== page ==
Vocab words- lien, mien (the students are told to use a dictionary)

    Tuesday, Wednesday, Thursday- *the above lesson is on the long e sound, thus we will learn the variety of word families that use the long e sound.

    I would list -eed on the board.

    I give them 2 minutes to come up with all the words they can using that.
    deed, feed, weed, need would be common;
    freed, speed would take some pondering;
    breed, creed, & tweed would be a “oh yeah” thought (often after I share it with them).

    Friday- oral spelling test/vocab test, and a dictation quiz as listed above from the McGuffey lesson.
    Word games are played such as Scrabble or Boggle.

    Note:  We have tried many grammar styles and curriculums.  I do not find outlining to be necessary.
    What RC provides is plenty sufficient, and this is just one family’s way of doing it because it works for us.



Here is a photo of our whiteboard.  Obviously, you don’t need one that big, and paper is even sufficient, to be honest.  This is one of our first lessons of the year.  A sample of spelling is up there, and the grammar lesson at hand was actually an introduction to prepositional phrase (over the hill) (through the woods) (to Grandmother’s house).    My explanations above seems long, so I wanted you to have a visual of how easy it is to implement, and it simply takes only few minutes a day.

I have found slow and steady gets us somewhere;
fast and chaotic gets us confused, especially when it comes to grammar!


8 thoughts on “Language Arts with RC

  1. This is AGES after you wrote this post, but I needed to say thank you anyhow. It is an incredibly helpful and well laid-out post which helps us to catch a glimpse of how it all fits together. I popped over from the Robinson Facebook page and I’m glad I did. Thanks.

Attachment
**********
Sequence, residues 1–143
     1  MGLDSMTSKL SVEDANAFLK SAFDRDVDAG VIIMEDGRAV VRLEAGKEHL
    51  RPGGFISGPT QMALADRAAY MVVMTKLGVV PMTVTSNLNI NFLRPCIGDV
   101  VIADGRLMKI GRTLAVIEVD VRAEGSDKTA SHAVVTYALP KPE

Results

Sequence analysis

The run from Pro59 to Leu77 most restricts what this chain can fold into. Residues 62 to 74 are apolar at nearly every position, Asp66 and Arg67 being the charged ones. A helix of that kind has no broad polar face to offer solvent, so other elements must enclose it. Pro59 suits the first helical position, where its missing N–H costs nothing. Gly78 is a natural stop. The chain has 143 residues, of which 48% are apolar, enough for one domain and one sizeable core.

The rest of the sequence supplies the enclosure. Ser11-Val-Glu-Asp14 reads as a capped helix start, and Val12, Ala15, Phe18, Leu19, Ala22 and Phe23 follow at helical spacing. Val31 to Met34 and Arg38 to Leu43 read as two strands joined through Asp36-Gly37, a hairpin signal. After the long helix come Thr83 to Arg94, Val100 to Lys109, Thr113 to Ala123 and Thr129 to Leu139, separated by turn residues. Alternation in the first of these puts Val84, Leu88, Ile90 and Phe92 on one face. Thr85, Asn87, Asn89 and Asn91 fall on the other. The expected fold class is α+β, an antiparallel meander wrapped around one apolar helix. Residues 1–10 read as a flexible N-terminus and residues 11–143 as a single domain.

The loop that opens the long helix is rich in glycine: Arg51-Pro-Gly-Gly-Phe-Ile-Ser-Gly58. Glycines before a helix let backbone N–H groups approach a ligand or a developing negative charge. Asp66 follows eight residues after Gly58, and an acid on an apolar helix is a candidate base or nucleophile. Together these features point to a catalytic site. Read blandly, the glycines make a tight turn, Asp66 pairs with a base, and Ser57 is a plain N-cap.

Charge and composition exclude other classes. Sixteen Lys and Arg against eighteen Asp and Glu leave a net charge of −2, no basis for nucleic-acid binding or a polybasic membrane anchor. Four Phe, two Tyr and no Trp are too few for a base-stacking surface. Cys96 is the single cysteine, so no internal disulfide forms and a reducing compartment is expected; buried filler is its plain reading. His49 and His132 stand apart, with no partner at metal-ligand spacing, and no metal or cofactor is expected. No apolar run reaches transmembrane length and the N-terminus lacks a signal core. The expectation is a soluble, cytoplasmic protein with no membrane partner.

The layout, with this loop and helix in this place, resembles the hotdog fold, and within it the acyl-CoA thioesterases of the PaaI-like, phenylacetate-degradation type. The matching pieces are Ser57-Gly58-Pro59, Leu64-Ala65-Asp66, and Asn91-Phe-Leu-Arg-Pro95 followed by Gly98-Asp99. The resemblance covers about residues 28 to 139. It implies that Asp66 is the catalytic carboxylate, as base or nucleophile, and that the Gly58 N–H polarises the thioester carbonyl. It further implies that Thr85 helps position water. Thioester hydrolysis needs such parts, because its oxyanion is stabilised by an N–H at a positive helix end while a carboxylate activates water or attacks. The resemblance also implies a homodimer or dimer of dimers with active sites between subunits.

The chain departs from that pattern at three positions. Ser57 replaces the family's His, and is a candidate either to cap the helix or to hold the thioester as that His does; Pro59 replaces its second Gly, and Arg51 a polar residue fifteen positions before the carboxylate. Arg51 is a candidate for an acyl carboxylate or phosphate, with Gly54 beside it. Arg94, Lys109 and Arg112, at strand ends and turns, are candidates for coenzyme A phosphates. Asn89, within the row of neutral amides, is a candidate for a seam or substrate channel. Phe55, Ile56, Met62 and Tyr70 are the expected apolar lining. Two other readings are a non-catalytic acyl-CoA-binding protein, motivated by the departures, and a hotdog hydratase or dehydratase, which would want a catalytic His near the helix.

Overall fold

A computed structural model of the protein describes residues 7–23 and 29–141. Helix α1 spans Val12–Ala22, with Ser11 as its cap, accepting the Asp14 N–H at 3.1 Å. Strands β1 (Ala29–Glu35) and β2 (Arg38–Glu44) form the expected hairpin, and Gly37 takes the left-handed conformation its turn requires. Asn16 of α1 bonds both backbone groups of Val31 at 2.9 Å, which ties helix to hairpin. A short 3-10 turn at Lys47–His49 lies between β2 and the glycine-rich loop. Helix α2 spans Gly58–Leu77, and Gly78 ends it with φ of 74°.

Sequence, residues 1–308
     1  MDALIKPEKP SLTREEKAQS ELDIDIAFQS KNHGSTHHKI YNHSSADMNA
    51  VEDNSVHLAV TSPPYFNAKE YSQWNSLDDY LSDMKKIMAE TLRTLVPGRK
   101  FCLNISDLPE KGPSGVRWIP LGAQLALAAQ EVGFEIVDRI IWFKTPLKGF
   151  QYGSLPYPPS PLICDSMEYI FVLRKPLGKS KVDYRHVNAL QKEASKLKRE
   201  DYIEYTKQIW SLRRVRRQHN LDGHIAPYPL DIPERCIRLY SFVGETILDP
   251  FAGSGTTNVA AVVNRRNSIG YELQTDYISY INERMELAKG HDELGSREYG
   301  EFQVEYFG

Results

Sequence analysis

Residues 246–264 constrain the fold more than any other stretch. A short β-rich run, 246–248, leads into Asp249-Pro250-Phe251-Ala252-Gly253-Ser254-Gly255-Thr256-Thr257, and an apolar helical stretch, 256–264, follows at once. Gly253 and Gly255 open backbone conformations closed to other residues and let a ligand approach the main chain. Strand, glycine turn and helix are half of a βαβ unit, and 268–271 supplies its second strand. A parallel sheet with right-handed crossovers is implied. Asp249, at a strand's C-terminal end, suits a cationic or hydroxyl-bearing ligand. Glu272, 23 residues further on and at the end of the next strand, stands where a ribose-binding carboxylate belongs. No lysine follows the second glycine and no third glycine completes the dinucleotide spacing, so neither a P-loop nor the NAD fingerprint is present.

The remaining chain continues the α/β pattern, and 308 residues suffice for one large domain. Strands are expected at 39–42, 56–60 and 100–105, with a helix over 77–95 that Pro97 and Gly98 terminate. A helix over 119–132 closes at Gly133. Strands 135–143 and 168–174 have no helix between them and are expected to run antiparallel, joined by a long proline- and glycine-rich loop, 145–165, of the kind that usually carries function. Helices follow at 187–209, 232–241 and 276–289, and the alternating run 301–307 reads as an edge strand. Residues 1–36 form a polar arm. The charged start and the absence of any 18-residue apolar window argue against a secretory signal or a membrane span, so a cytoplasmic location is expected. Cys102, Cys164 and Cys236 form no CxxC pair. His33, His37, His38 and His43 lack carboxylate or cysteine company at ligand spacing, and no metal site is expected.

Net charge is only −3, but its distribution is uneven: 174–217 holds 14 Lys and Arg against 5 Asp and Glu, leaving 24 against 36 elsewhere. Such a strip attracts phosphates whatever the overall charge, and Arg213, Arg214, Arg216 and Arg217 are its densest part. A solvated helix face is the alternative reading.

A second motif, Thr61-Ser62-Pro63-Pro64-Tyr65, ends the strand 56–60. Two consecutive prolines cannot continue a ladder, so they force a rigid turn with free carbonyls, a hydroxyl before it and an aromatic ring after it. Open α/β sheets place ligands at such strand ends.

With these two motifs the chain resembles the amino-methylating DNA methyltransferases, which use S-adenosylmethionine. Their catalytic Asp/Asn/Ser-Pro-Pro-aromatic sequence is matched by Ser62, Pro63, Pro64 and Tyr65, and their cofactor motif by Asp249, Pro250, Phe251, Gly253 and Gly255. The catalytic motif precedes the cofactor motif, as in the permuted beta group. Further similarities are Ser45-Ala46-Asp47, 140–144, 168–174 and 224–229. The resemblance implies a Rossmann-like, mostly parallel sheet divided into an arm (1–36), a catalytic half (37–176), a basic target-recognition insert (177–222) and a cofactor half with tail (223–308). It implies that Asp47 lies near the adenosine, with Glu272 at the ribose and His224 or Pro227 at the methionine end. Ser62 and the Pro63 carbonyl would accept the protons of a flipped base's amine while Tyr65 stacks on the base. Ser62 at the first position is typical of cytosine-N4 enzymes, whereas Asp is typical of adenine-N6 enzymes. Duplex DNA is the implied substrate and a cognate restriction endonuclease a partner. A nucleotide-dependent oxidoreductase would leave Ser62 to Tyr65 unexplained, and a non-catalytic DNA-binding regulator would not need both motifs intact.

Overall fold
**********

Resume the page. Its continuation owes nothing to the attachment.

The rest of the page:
2. Hi Sheri,
    I discovered your blog from the RC yahoo group. I just discovered RC yesterday and requested to join the Users4Christ group, and here I am – which is a huge blessing!! I love your blog, I especially love that you have shared how you use the RC curriculum. I am mostly excited about this curriculum, yet I am also a little confused. When our family started HSing 6 years ago, it was after our oldest (now 14 yo daughter) had already gone through KG and 1st grade in a public school; then she and our youngest daughter (very soon to be 12 yo) both went to a private Christian school for one year. For the first two years of HSing, I replicated what I knew, which was school at home and we bought the full-on Abeka program with all the bells and whistles. By our third year, something didn’t feel right. I kept wondering if home learning should be a fun, and a fostering of loving to learn, neither of which I felt was taking place in our home education. Through prayer, I realized that it wasn’t me helping our girls, but Him! I decided to have fun, and built our curriculum simply via prayer (I had a lot of fun doing this and discovered wonderful curriculum). I felt lead to teach our girls at the same level, and we haven’t looked back! Yet, several years later, once again I am starting to feel like something isn’t right. There are some subjects we enjoy, but school is starting to feel like school again – drudgery. It saddens me. I have even lost my excitement for HSing. So, I am investigating RC and am inspired by your posts, I am so thankful to have found your blog! Warmly, Sandi

    1. Welcome Sandi!
      We have much in common. I too began w Abeka, then explored other options (mentioned in a recent post). My one daughter (of my 6 kids) went to public kinder, Private 1st grade, before her homeschool journey began (although I had already had 5 yrs of homeschooling down by then). She’s 14 and loves the flexibility of RC. Please feel free to look me up on the yahoo group with any questions you may have. I also moderate the rc4jc yahoo group, so you can ask questions through there also. Blessings to you new friend; enjoy the journey!

      1. Thank you for the warm welcome, Sheri! My husband and I are right now pouring over the RC site, hubby is watching the almost 2 hour video. I have been looking through all the files on the rc4jc group. I am amassing my questions! LOL!! 🙂

  3. Thank you for this post. I have been researching the Robinson Curriculum for awhile now and trying to figure out if it is worth the $200 investment. I am having a hard time finding people that use it.

    1. There are many who use it, but yes, it’s not the “normal” curriculum that many are familiar with. Please feel free to ask me any questions or ponder ideas or share your thoughts about RC. I’d love to hear from you.